December 1, 2004 - 4:30 pm
New Directions in the Study of Agrarian Reform and the Landless Rural Worker’s Movement (MST) in Brazil
Land Reform Settlements in the Sugar Cane Area of Northeast Brazil: The Economic, Social and Political Impacts
Marilda Aparecida de Menezes, Universidade Federal de Paraiba and Yale University
This presentation will analyze the impact that land reform settlements in the sugarcane area of Northeast Brazil have had on land structure and production diversification during the 1990s. This area has been historically characterized by large properties, monoculture and high levels of labor exploitation. In the 1990s with the liberalization of the state, there was a cut in the subsidies and some sugar cane mill have collapsed, leaving many workers unemployed. The workers organized some mobilizations in order to fight for land. The creation of land reform settlements since the 1980s has not come as part of a National Agrarian Reform Plan but rather in response to the pressure applied by social movements that fight for land. This paper has four main objectives: first, to analyse the so-called “crisis of sugar cane mills” with the emergence of land movements; second, to analyse the very diverse impact of the settlements on land structure (estrutura fundiária) in the sugar cane area; third, to show that land reform settlements have contributed to the expansion of subsistence products; finally, to argue that although sugar cane is still the dominant crop being produced in the Zona da Mata land reform settlements have introduced significant changes into the workers’ life trajectories, converting them from wage workers, sharecroppers, squatters, and landless into peasants who own their land as well as into new political actors within the rural space of sugarcane.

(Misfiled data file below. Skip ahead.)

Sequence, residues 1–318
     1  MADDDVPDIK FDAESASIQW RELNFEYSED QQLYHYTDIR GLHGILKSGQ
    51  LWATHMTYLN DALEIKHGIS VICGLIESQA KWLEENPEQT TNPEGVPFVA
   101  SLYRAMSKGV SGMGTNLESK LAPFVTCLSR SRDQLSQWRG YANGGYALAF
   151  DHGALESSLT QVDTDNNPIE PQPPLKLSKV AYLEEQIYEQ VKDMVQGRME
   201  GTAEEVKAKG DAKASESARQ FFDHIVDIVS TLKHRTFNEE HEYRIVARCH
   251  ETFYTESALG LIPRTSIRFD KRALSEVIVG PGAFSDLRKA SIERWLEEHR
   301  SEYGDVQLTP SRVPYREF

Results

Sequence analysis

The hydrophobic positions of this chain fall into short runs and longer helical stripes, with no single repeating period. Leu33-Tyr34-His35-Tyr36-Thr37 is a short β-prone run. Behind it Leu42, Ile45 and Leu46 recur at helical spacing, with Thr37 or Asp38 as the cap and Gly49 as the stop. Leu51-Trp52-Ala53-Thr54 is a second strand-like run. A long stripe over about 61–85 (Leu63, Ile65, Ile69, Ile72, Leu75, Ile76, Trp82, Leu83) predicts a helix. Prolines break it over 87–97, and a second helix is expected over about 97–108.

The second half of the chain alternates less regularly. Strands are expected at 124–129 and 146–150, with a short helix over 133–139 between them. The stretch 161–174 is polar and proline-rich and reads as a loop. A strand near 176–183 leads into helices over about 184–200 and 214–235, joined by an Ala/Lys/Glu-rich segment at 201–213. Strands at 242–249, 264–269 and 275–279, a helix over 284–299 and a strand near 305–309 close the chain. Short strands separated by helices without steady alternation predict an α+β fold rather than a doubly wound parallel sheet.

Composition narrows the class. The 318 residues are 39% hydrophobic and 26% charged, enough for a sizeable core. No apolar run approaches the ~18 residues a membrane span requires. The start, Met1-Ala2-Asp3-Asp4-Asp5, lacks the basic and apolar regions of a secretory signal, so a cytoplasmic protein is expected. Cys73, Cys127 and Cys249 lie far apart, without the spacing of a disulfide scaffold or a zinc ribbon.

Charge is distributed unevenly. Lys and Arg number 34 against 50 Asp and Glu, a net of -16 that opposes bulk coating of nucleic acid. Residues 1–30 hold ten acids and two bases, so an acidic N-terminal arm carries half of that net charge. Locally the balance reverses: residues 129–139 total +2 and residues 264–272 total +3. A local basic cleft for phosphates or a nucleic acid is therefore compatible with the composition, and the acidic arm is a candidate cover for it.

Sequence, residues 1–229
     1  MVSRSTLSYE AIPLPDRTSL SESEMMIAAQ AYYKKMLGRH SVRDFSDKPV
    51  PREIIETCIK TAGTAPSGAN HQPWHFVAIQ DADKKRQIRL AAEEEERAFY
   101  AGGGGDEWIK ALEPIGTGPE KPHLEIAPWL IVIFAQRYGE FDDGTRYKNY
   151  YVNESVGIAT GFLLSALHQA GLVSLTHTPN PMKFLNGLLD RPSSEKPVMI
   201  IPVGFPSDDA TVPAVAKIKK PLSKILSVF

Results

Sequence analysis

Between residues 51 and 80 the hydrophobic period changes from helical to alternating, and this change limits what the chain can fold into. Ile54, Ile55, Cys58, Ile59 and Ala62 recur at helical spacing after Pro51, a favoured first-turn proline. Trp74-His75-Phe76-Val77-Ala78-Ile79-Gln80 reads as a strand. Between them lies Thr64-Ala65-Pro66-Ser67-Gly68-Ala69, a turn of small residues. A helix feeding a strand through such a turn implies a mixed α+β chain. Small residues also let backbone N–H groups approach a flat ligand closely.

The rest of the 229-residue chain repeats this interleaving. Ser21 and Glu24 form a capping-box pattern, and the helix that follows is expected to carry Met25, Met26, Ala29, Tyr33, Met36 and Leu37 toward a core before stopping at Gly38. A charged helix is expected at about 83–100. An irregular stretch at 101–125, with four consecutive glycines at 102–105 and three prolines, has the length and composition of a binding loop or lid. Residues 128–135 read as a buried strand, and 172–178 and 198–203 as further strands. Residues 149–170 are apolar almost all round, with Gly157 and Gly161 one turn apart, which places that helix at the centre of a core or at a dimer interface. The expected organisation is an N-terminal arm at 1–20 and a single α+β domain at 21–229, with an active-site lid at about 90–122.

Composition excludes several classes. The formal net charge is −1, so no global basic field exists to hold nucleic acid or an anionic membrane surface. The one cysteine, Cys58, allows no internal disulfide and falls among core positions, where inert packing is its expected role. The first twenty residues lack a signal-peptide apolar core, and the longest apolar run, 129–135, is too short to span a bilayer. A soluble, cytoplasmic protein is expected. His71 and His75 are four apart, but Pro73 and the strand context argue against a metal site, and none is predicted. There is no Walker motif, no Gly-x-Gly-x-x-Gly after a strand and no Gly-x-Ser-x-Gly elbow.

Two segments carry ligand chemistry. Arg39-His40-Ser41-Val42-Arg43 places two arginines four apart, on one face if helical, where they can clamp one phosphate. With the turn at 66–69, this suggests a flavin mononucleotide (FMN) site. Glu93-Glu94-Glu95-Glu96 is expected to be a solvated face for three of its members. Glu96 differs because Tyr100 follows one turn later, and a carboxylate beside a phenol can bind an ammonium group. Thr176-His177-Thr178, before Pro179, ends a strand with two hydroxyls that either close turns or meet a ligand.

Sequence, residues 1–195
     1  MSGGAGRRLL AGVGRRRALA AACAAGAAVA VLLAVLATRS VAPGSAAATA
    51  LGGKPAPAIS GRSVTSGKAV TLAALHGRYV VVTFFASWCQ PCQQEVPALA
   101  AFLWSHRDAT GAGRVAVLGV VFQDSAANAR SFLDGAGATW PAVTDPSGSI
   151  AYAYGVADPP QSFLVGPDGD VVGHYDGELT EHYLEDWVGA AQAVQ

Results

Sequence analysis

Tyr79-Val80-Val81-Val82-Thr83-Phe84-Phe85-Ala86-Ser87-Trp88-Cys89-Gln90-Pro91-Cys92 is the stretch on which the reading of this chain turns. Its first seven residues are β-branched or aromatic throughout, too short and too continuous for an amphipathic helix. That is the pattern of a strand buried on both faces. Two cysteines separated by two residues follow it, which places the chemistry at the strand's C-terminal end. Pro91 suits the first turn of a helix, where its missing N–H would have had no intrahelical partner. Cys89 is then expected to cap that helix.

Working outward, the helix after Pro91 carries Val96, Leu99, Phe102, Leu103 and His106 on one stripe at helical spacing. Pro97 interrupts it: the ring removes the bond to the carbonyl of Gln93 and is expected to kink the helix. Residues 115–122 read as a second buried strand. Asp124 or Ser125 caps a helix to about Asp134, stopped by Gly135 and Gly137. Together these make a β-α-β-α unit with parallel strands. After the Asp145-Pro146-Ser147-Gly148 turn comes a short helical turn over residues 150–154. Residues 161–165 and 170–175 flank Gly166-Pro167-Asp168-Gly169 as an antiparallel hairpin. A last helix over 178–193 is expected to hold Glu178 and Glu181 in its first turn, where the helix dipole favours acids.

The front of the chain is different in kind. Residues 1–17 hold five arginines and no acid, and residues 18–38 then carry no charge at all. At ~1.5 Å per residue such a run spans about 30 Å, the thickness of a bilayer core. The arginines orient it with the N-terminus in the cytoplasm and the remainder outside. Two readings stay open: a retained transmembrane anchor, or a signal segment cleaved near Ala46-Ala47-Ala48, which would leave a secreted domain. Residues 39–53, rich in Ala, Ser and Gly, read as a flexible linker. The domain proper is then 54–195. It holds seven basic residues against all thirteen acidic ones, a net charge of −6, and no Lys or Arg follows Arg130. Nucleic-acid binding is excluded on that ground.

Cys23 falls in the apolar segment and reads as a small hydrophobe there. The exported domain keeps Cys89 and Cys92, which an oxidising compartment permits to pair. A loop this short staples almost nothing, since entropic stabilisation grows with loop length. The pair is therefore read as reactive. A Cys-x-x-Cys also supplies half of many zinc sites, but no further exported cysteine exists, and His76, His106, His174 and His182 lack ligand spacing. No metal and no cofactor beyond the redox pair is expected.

Every Monkey has its Own Head: Rural Sugarcane Workers and the Politics of Agrarian Reform in Northeastern Brazil
Wendy Wolford, University of North Carolina at Chapel Hill and Yale University
Sugarcane has been produced in the zona da mata of Pernambuco along the northeastern coast of Brazil since the early 1500s. Although the market for sugarcane is highly variable, plantation owners in the region have weathered cyclical economic crises by manipulating local land use and labor arrangements. During the most recent economic crisis in the sugarcane region (1990 – 2000), grassroots activists with the largest social movement in Brazilian history, O Movimento dos Trabalhadores Rurais Sem Terra (The Movement of Rural Landless Workers, commonly known as the MST) demanded an end to the exploitation and immiseration that characterized sugarcane production. Sugarcane workers in the municipality of Água Preta joined the MST because they felt they had few other economic options and because the MST established a position of influence with local political leaders. Over the course of several years, however, most of the workers who had joined the movement left, planting sugarcane on their own land or working for nearby distilleries as the international price of sugarcane recovered. In this paper, I argue that the MST had a difficult time maintaining its presence in Água Preta because the sugarcane workers’ identity and political consciousness were constituted in a relationship between land use and labor rights that differed significantly from the peasant ideology promoted by the MST. The clash in political cultures is illustrated through an ethnographic examination of production, privacy and patronage politics on two settlements organized by the MST in Água Preta, Pernambuco.